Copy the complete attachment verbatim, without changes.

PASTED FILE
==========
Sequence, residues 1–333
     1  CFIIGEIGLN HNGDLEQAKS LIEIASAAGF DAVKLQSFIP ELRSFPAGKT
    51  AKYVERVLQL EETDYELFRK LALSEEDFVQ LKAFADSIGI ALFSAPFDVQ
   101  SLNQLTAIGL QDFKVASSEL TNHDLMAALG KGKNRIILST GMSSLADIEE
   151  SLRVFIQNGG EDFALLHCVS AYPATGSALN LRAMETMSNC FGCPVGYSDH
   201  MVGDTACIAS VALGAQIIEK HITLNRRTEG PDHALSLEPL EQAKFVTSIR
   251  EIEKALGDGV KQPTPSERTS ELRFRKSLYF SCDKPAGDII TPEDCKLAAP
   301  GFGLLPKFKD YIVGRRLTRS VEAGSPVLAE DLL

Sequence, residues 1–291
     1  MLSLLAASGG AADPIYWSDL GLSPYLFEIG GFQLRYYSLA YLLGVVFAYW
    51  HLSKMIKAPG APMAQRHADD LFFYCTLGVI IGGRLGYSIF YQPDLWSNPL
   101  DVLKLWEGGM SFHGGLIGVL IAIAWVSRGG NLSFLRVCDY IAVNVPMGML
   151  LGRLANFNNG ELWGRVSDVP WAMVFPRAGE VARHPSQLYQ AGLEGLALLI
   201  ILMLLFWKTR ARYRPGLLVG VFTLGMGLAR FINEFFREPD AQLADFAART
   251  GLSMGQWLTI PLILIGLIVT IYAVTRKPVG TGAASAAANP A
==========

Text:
Sequence, residues 1–333
     1  CFIIGEIGLN HNGDLEQAKS LIEIASAAGF DAVKLQSFIP ELRSFPAGKT
    51  AKYVERVLQL EETDYELFRK LALSEEDFVQ LKAFADSIGI ALFSAPFDVQ
   101  SLNQLTAIGL QDFKVASSEL TNHDLMAALG KGKNRIILST GMSSLADIEE
   151  SLRVFIQNGG EDFALLHCVS AYPATGSALN LRAMETMSNC FGCPVGYSDH
   201  MVGDTACIAS VALGAQIIEK HITLNRRTEG PDHALSLEPL EQAKFVTSIR
   251  EIEKALGDGV KQPTPSERTS ELRFRKSLYF SCDKPAGDII TPEDCKLAAP
   301  GFGLLPKFKD YIVGRRLTRS VEAGSPVLAE DLL

Sequence, residues 1–291
     1  MLSLLAASGG AADPIYWSDL GLSPYLFEIG GFQLRYYSLA YLLGVVFAYW
    51  HLSKMIKAPG APMAQRHADD LFFYCTLGVI IGGRLGYSIF YQPDLWSNPL
   101  DVLKLWEGGM SFHGGLIGVL IAIAWVSRGG NLSFLRVCDY IAVNVPMGML
   151  LGRLANFNNG ELWGRVSDVP WAMVFPRAGE VARHPSQLYQ AGLEGLALLI
   201  ILMLLFWKTR ARYRPGLLVG VFTLGMGLAR FINEFFREPD AQLADFAART
   251  GLSMGQWLTI PLILIGLIVT IYAVTRKPVG TGAASAAANP A